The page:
Spain/Morocco2010-1Our very first week in Granada has been quite an adventure. It starts from meeting our host parents to getting lost. As far as the first week goes my experience in Granada has been great! At the beginning it was foreign to me. In a sense, however, it reminds me of Mexico. In my opinion it is the European version of Mexico. We have to walk from point A to point B if we want to get there sooner. I guess I could ride the bike but I don’t own one. The bike and motorcycle are a very popular method of transportation here in Granada. We have visited the Alhambra and walked its pathways, which are gorgeous. I can’t put into words the beauty of the palaces.  I feel as if I would ruin the beauty of it by even trying to attempt a description. The tour bus that took us around the city and being able to see the different sites that there are to visit is incredible. We have walked down a former Jewish neighborhood and up and down Recogidas, which I walk at least six times a day. The Medina shops and the souvenirs that there are to buy. We have also found thrift stores and that was so much fun. My favorite part is the walking that we all do which decreases our dependability on cars, I wonder how fast I will adjust to using my car once I am back in the US? I will worry about that later. For now I am going to enjoy every moment of this experience that is awaiting all of us.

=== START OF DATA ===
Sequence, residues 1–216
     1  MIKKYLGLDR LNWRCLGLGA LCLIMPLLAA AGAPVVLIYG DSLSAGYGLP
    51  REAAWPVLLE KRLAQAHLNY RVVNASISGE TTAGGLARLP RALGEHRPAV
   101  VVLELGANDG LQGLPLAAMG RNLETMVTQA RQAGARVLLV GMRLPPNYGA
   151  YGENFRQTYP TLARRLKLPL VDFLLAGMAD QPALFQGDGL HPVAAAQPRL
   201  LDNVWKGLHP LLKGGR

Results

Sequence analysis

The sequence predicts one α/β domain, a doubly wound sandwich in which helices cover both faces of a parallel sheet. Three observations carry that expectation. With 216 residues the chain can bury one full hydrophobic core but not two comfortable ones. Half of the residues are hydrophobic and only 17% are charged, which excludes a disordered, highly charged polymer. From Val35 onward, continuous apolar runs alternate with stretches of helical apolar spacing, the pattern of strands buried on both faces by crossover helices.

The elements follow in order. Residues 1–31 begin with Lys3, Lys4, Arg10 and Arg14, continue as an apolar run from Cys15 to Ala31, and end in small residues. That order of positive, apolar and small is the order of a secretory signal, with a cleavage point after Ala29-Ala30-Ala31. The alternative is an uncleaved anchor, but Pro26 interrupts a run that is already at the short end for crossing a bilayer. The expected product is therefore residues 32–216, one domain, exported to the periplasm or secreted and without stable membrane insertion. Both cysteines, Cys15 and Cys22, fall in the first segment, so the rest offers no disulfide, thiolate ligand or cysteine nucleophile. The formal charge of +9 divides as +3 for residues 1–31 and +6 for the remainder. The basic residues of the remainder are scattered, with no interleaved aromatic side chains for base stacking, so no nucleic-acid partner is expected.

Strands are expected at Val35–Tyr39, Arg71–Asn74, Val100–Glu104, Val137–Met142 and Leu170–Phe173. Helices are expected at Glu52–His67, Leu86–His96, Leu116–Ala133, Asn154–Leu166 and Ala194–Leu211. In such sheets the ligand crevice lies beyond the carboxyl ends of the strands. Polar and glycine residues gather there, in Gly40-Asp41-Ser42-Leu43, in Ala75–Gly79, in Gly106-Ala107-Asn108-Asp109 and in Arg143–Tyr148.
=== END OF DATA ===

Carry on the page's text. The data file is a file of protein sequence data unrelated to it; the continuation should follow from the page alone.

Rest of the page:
The group on the beach! Our very first weekend was spent at La Herradura beach where we encountered rocky sand instead of dusty sand to which we are used to. The meals are exceptional, and the ice cream at Los Italianos is the best here in Granada. It’s quite shocking to see how Burger King has a security guard at the entrance door and how the dollar menu here is the Euro menu. There are countless differences that I have come across in Granada and many of them stand out more than others but the one that I have seen the most of is the different languages that are spoken on the street. Today as I was walking on my way to class I came across another tourist who didn’t speak English and she asked me for directions. I tried my best since the road to where she was going is the one close to where I live, however, I wonder if she made it to her destination?

The one thing that I believe I have mastered is getting from one place to another. I just walk up the streets as if I know where I am heading to and when I am completely lost I can just go into a store and ask for directions. By doing so it sort of gives the idea that I am not a stranger to the city. I have enjoyed every single activity we have done as a group and have made friendships with people from our group that I might have never come into communication with, but thanks to this experience we are all creating a bonding among each others. So, it’s time for a siesta here and I must take one and be ready for this Sunday since we are heading to Cordoba. I am loving my cross cultural. Thank you EMU!

-Ana Jimenez